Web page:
I heard Loretta suck in air behind the counter, and somewhere farther back in the store something clattered to the floor.

“That seems extreme,” I said to Bella. “I was only trying to do my job, and I didn’t throw him down the stairs. He fell down the stairs on top of me.”

“Liar, liar, pants on fire,” Bella said.

She put her finger to her eye, pulled down her lower lid, and glared at me. “Ha!” she said. She turned on her heel and walked, head held high, out the door.

Loretta popped up from behind the counter. She looked
down at my turkey club and waved me through. “It’s on the house if you promise not to come back. That woman scares the crap out of me.”

“Could be worse,” I said. “At least I know the consequences of the curse.”

“You’re going to hell,” Loretta said. “How could it be worse?”


LULA POLISHED OFF the last of her macaroni salad and chucked her empty food containers into the trash.

“I’m all refreshed now,” she said. “I’m ready to go kick some more butt. What should we do next? You want to pick up the Sunny hunt?”

“No. I’m going to table Sunny until tonight.”

I was starting to get a grip on Sunny’s schedule. He spent the night with Rita and in the morning he went to the club to check on the previous night’s business. I thought my best shot at Sunny was to break in on him when he was sleeping. I just had to figure out how to get around the
home invasion shooting me dead

“Then how about we drive over so I can give Kevin his lettuce?” Lula said.

“I was thinking we should look for Ziggy Radiewski,” I told her. “He’s probably in the bar next to the hardware store on State Street. That’s his usual afternoon hangout.”

“Yeah, but I got this lettuce for Kevin, and I don’t want it to wilt.”

“I think we should let things chill out in that neighborhood. Put Kevin’s lettuce in the fridge and we’ll take it over tomorrow.”

“That don’t work for me,” Lula said.

“How about this, you can risk your life by going back to Sunny’s turf to feed Kevin, and I’ll pick up Ziggy.”

“That don’t work either,” Lula said. “You shouldn’t be driving with your injury.”

I looked at my finger. “It’s not a big deal.”

“It’s gonna be a big deal when everyone thinks you’re flippin’ them the bird and you get to be a victim of road rage,” Lula said. “You’re lucky you don’t get shot driving with that finger sticking up like that. I’ll make a deal. We do a real fast drive down Fifteenth Street, I leave Kevin’s lettuce sitting out for him, and then we go snatch Ziggy.”

Twenty minutes later Lula and I turned onto Fifteenth Street. She drove four blocks and tossed the lettuce onto the sidewalk at the corner of Fifteenth and Freeman.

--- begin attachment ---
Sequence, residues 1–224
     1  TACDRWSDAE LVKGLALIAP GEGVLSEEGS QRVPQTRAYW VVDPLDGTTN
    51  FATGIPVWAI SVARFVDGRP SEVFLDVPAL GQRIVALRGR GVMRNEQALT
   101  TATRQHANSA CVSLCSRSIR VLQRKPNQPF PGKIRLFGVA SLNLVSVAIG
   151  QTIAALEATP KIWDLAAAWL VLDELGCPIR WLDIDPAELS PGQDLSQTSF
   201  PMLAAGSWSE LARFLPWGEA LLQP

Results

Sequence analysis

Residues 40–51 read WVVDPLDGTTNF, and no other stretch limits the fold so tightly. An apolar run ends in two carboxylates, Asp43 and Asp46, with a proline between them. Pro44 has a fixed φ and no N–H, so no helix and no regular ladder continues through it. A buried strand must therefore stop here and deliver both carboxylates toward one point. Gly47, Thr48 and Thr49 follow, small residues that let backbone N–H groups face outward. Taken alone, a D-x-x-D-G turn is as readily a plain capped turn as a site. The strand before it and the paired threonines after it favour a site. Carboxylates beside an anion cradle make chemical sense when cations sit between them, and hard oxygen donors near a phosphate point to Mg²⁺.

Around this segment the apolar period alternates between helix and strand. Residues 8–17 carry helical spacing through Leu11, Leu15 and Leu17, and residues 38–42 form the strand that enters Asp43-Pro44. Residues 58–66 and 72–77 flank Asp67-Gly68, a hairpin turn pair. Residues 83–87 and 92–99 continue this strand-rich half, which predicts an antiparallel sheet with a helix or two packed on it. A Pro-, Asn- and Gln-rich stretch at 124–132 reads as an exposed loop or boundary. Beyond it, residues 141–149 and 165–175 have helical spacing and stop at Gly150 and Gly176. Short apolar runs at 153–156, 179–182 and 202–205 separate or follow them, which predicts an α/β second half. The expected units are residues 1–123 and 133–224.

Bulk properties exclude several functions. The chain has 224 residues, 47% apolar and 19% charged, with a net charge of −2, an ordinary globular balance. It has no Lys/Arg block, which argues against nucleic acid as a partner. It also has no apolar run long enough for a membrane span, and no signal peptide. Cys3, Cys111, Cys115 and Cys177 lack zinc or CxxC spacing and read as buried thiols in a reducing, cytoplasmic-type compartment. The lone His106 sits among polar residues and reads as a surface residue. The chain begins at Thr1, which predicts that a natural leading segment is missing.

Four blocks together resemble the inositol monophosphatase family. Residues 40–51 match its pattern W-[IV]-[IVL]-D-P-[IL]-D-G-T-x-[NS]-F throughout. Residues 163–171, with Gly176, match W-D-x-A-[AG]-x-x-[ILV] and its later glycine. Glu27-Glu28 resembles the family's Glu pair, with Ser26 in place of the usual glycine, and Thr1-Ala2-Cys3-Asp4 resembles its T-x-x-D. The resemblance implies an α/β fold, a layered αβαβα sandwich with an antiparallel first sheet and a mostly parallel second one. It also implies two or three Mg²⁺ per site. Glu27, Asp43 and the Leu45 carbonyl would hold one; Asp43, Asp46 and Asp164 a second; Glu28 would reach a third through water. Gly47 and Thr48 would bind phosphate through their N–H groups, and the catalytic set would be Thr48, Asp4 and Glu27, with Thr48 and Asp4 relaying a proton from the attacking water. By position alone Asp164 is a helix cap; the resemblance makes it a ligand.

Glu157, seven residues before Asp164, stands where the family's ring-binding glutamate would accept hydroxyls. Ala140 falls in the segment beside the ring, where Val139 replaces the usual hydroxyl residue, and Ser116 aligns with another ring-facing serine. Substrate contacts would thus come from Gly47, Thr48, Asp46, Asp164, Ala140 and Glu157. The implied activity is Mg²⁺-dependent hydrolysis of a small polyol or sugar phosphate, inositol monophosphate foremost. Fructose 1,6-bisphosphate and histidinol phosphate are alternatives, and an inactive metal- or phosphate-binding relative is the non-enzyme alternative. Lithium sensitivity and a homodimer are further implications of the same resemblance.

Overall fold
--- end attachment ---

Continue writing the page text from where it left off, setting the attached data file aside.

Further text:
“I got a plan,” Lula said. “The lettuce is bait. I figure if I keep leaving lettuce here Kevin’s gonna hang around the lettuce, and then I can trap him. I haven’t got all the details worked out yet, but I’m thinking I could use a big net.”


“Yeah, I’d need to get up real high and drop it over him. Like
from a helicopter. Or you know what would be really good? Spider-Man. You know how he shoots those webs out from his fingers? He could wrap webs around Kevin.”

“So all you have to do is get in touch with Spider-Man?”

“It’s a shame he don’t live here, right?”

“It’s a shame he doesn’t live

“Ranger’s pretty close,” Lula said, “except he can’t do the web throwing thing, and so far as I know he don’t wear spandex.”

Lula cut through downtown and turned onto State Street. The hardware store and Ginty’s Bar were on the outermost perimeter of the Burg. Ginty’s was a dark hole-in-the-wall-type dive that drew regulars from the shantytown row houses that lined Post Street, and ran parallel with State. Ziggy owned one of the row houses, but he lived in Ginty’s.

Lula parked in the small lot the bar shared with the hardware store, and we got out and walked to the bar’s front door.

“How many times have we pulled Ziggy out of here?” Lula asked. “Must be a dozen. I swear I think he just likes to ride in my Firebird.”

We stepped into the bar and took a moment to allow our eyes to adjust to the dark. The air was cold and damp, and the room smelled whiskey-soaked. There were three small round tables near the door, empty at this time of day. The highly polished mahogany bar stretched the length of the back of the room. Ziggy was one of three men at the bar.

“If he smells bad I’m putting him in the trunk,” Lula said. “Last time we took him in I had to have my car detailed.”

Ziggy was a fifty-six-year-old white male who was on a disability pension from the government and was working hard at destroying his liver. There was no Mrs. Ziggy, and no Rover or Kitty Ziggy. Just Ziggy in all his pickled glory.

The bartender waved to us and said something to Ziggy. Ziggy swiveled on his barstool and saluted us with his empty beer glass.

“Ladies,” Ziggy said. “Long time no see.”

“Are you ready to go for a ride?” I asked him.

“Barkeep,” Ziggy said. “One for the road.”

The bartender set a fresh beer in front of Ziggy, Ziggy chugged it, and fell off his barstool.

“You have this strange effect on men,” Lula said to me. “They’re always passing out on you. Guys get stuck with darts, and run into walls, and fall off barstools.”

I hooked my hands under Ziggy’s armpits. “Help me get him outside.”

“I’ll help you get him outside,” Lula said, “but he’s not going in my car. He just wet hisself.”

We carted Ziggy outside, and I called a cab.

“I can’t keep from thinking about Spider-Man,” Lula said. “God made cats and dogs and cows and humans, but he only made superheroes in comic books. What the heck was he thinking?”

“I guess he was counting on us to do the job.”

“You mean us personally? Because I’m a big woman, but I couldn’t stop no speeding train single-handed.”

“I was talking about human beings in general.”

“Probably we’re in a lot of trouble on that one, since most of the men I know can’t even keep their pants up, much less save the world.”

I waved the approaching cab to the curb and loaded Ziggy into the backseat.

“Follow us to the police station,” I said to Lula. “I’ll need a ride after I drop him off.”

The driver looked over the seatback at Ziggy. “He isn’t dead, is he?”

“He’s sleeping.”